Now that I’m celebrating the publication of Hunted Fate, the third book in the Threads of the Moirae series, it’s time to give credit where credit is due. It’s true that writers owe a great debt to many people. Most of us were encouraged by parents, teachers, librarians, family, and friends. Many kind people mentored us, encouraged us to enter contests, or gave us a boost in a thousand other ways. All of those people guide an aspiring writer toward a professional career.

But often there is one person at the heart of a particular story, one person whose influence is stronger than any other. It may be a family member who told their tale and made you think, “That should be a book.” It may be a friend who said, “You’re really into [Subject X], you should write a book about it.” It may even be someone you don’t know but whom you see in passing and wonder, “What’s that life like?” Whoever it is and however it happens, that person is somehow responsible for your story.

In my case, for the Threads of the Moirae, that person was my English teacher, Mrs. Lapp. She was a fabulous teacher in many ways. She was tough, but fair. She encouraged her students to read widely and she was the first teacher who openly encouraged us to read often-banned books and decide for myself whether book banning was right or wrong. She encouraged our writing and any student could count on her for feedback, ideas, and support.

(Not related to my books but to my writing career overall, she encouraged me to enter a local writing contest even though I didn’t think my work was worthy. I ended up winning. She was right and I was wrong and I learned that I wasn’t always the best judge of anything.)

Anyway, part of her job was to teach the Greek mythology unit. At first I was only excited because the text, Mythology by Edith Hamilton, was much shorter than anything else we’d read that semester. (By the way, that classic is still in print if you want to buy it. I highly recommend it as a great introduction to not only Greek mythology, but also Roman and Norse legends.)

The stories were interesting, but not anything that (at the time) I would have predicted would stick with me for years. What made it all click in my head was the way Mrs. Lapp presented the material.

She brought in slides of Greek ruins and art depicting the gods and goddesses. She let us watch Clash of the Titans (the original movie, not the awful remake). We went off topic and discussed religion, cultural depictions of birth and death, and a hundred other things tangentially related gods and goddesses. We brought in Greek food and bed sheets and had a toga party one day. We didn’t just write reports on the material, we picked our favorite gods and goddesses and presented our reports in character.

(I wish I could say I chose Atropos, but that would tie everything up a little too neatly. No, I chose Artemis, goddess of the hunt, largely because I wanted an excuse to bring my bow and arrow to school. That’s right. I was shooting archery long before the Hunger Games made it cool. And no, you’d never get away with bringing a bow and arrow to school these days. Ah, the good old days.)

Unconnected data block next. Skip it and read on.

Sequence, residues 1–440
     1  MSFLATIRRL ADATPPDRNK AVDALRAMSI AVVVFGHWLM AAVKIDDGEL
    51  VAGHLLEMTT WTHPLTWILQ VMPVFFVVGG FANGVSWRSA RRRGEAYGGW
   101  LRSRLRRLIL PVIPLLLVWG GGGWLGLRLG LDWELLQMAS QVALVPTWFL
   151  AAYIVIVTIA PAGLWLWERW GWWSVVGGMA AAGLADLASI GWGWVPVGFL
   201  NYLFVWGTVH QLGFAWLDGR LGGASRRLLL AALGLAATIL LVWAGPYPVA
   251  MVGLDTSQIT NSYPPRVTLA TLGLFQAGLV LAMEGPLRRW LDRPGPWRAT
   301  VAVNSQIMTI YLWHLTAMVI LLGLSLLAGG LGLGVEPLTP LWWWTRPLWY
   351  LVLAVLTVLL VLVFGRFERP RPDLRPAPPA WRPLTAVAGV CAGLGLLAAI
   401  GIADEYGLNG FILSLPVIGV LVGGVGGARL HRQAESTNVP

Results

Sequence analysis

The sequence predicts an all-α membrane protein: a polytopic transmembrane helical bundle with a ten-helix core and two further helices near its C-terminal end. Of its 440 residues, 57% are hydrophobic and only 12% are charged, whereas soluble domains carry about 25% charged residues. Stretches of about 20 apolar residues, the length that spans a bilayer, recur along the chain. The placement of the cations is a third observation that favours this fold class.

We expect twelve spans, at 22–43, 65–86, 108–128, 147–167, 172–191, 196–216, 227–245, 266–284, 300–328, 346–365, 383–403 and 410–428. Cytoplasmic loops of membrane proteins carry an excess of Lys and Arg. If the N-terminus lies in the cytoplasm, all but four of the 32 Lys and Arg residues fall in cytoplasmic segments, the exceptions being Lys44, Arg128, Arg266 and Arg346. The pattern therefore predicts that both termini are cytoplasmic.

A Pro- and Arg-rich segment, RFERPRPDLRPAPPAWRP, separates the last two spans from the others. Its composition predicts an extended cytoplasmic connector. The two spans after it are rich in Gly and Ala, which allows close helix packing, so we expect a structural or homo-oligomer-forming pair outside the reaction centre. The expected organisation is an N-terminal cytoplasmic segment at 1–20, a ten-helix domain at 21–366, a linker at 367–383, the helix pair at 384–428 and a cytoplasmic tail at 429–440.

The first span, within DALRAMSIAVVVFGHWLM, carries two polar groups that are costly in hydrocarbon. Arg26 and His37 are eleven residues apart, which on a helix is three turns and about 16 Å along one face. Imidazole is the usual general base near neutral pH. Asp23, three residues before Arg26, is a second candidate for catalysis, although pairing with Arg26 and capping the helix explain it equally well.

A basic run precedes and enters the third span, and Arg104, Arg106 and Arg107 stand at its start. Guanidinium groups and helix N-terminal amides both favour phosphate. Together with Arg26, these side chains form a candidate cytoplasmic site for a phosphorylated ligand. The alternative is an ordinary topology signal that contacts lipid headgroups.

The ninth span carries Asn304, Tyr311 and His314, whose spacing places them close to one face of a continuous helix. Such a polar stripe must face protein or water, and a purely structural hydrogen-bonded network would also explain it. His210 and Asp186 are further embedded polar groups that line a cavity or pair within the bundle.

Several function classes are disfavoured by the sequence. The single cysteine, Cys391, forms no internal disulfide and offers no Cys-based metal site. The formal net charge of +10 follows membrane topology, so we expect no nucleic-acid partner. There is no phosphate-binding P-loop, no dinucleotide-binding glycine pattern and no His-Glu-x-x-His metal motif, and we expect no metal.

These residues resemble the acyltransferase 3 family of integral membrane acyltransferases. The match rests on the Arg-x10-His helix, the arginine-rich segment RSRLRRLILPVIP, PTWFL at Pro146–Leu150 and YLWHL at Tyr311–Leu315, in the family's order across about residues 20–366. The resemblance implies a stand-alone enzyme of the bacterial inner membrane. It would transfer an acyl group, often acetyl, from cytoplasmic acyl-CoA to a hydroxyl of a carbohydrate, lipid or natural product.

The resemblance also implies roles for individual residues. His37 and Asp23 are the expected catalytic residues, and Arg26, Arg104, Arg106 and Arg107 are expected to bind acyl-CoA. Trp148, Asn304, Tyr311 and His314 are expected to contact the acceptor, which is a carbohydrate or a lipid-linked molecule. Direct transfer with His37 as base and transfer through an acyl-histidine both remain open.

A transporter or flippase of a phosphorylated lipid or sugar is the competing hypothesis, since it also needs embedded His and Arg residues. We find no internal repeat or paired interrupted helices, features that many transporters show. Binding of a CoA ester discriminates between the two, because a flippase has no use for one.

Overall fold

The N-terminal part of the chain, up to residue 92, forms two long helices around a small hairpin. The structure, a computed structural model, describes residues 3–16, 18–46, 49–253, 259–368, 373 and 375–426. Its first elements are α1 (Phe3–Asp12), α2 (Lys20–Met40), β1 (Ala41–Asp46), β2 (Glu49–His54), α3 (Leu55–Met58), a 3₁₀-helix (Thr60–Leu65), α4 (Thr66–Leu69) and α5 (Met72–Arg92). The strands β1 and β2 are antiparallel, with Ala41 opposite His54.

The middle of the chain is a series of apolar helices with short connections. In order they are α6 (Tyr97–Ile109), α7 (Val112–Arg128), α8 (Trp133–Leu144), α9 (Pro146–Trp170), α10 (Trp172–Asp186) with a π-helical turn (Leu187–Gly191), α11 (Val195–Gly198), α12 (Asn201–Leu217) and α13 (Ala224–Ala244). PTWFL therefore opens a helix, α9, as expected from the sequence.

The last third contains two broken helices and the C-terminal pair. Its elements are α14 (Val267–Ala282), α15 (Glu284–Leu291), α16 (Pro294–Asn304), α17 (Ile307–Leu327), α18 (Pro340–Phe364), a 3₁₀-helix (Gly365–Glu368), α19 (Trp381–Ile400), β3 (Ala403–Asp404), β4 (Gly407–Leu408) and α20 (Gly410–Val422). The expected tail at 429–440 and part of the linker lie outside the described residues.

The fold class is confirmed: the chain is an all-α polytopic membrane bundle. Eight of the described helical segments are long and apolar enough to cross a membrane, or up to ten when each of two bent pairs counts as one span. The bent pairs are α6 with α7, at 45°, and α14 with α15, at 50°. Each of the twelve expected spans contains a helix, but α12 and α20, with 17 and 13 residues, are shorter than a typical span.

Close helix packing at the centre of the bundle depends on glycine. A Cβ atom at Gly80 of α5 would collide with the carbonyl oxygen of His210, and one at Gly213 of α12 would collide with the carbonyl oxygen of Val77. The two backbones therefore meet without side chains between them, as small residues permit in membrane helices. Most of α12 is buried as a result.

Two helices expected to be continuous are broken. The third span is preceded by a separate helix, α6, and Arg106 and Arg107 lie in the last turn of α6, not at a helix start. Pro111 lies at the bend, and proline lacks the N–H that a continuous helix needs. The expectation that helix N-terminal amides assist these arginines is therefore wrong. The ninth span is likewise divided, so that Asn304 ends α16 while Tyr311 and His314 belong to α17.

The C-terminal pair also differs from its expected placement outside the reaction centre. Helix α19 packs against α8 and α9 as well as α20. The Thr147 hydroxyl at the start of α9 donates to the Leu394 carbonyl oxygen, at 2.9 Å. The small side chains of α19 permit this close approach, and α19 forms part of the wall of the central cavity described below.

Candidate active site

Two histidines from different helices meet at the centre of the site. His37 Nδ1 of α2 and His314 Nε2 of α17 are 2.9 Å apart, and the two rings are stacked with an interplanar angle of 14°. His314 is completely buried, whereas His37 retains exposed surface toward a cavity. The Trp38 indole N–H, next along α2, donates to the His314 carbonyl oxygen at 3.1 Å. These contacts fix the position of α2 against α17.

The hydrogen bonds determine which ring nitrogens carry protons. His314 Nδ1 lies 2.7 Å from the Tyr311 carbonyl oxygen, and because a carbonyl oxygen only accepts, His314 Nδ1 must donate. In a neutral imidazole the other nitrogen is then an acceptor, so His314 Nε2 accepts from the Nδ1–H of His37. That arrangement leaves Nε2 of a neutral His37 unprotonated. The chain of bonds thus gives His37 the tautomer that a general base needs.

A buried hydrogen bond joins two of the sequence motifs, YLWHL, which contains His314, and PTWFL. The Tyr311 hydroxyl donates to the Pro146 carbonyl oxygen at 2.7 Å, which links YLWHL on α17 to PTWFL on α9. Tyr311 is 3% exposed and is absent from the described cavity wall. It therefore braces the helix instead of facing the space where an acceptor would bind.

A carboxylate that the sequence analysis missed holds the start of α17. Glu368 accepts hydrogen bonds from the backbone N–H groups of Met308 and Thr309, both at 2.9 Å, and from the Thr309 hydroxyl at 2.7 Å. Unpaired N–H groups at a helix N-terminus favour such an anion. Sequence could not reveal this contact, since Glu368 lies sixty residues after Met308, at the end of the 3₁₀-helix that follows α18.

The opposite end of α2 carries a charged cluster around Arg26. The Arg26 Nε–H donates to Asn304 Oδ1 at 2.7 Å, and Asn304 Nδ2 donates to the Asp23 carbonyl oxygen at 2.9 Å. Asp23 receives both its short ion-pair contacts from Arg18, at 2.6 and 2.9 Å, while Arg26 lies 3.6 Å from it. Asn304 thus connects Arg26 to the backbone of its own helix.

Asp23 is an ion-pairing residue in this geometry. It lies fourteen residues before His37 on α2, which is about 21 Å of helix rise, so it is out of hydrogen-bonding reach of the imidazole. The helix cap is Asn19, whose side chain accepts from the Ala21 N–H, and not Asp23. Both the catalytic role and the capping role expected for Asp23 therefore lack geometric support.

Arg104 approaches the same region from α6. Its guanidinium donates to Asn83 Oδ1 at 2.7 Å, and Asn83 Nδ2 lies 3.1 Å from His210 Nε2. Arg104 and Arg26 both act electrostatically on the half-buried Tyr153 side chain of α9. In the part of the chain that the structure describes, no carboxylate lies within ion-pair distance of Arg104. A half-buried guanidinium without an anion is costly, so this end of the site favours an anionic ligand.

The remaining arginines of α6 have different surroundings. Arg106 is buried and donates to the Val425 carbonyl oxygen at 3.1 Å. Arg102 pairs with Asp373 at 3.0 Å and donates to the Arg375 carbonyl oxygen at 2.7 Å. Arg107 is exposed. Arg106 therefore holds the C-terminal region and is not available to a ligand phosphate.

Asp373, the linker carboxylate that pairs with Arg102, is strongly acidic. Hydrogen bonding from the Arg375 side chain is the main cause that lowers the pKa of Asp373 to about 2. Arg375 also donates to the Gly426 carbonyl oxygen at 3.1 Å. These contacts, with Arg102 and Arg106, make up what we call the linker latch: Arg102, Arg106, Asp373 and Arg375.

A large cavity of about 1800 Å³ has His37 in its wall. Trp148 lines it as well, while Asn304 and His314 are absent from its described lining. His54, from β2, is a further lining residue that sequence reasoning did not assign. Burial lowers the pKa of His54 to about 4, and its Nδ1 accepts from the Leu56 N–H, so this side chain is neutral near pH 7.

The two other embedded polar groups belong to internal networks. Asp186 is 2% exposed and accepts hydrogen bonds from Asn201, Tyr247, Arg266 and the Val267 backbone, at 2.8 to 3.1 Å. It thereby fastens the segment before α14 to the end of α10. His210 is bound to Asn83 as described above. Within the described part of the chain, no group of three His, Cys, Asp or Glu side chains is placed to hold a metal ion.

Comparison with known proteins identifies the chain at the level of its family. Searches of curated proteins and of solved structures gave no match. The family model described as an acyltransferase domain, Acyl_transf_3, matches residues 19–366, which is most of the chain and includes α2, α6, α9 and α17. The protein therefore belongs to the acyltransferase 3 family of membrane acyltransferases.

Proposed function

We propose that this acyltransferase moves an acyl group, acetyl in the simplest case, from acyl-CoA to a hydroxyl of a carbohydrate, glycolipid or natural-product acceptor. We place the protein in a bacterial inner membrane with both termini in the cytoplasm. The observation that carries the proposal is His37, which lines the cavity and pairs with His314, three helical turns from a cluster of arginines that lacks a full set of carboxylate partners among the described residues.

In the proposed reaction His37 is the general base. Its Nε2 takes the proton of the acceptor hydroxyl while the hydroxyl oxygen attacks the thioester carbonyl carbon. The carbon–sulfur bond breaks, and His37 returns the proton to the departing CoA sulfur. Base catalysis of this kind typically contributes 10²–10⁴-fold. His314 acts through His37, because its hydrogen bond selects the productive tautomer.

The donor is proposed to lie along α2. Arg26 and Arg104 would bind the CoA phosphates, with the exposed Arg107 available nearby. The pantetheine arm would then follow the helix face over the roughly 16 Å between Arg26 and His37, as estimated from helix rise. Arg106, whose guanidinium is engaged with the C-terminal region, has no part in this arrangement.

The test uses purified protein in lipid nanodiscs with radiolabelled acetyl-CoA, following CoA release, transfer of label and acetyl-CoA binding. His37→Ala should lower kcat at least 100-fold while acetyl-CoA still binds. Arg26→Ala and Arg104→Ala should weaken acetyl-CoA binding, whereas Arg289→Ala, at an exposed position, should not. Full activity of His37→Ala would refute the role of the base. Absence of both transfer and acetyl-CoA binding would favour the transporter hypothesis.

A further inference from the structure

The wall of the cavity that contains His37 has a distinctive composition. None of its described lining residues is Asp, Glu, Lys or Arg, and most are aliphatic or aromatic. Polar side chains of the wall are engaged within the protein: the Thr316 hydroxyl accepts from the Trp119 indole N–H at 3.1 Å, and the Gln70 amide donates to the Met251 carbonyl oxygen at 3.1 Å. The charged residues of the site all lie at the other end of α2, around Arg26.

In short, Mrs. Lapp made that unit fun. It was like she knew that mythology book would be the most engaging thing we’d read all year and she was determined to make the most of whatever interest she could drag out of us before Shakespeare and Dostoyevsky set in. She worked hard to make the material come alive.

So all these years later, Greek mythology still sticks with me. It’s lodged in my brain so tightly that at a family funeral, the idea of being the Death Fate in the modern world popped into my head and Broken Fate was born.

And speaking of Broken Fate, here’s an Easter egg for you, now that you’ve read this story. When Atropos and Alex first meet, it’s in Mrs. Lapp’s English class. That’s a little salute to the woman who made it all possible.

 

About Hunted Fate

Hunted Fate (Threads of the Moirae, #3)
by Jennifer Derrick
Publisher: Clean Teen Publishing
Publication Date: July 24th 2017
Genres: Mythology, Romance, Young Adult

Synopsis

Alex and Atropos have taken refuge at an abandoned mountain resort compound. Atropos is a wanted woman in hiding, and the downtime with her soul mate is a nice change of pace. But the peace will be short-lived. The authorities are after her for her role in the attack on the city of Charlotte. Zeus has put a bounty on her head. There’s also a war to prepare for—and if she wins, the gods will be deposed once and for all. But first she needs to track down Gaia, and even that won’t be simple. Gaia resides at the bottom of the ocean, and the humans and gods are already hot on Atropos’ trail…

A heart-pounding romantic adventure where Greek mythology and modern-day life collide, Hunted Fate is the third book in the epic Threads of the Moirae series by Jennifer Derrick.

Purchase:
Previous books in the series:
(Grab book 1 – Broken Fate – for FREE!)
About the Author

Jennifer is a freelance writer and novelist. As a freelancer, she writes everything from technical manuals to articles on personal finance and European-style board games. Her interest in storytelling began when she was six and her parents gave her a typewriter for Christmas and agreed to pay her $.01 per page for any stories she churned out. Such a loose payment system naturally led to a lot of story padding. Broken Fate, her first novel, earned her $2.80 from her parents.

Jennifer lives in North Carolina and, when not writing, can often be found reading, trawling the shelves at the library, playing board games, watching sports, camping, running marathons, and playing with her dog. You can visit her at her official website:www.JenniferDerrick.com.

Giveaway

a Rafflecopter giveaway

Facebooktwittergoogle_plusredditpinterestlinkedinmail

Leave a Reply

Your email address will not be published. Required fields are marked *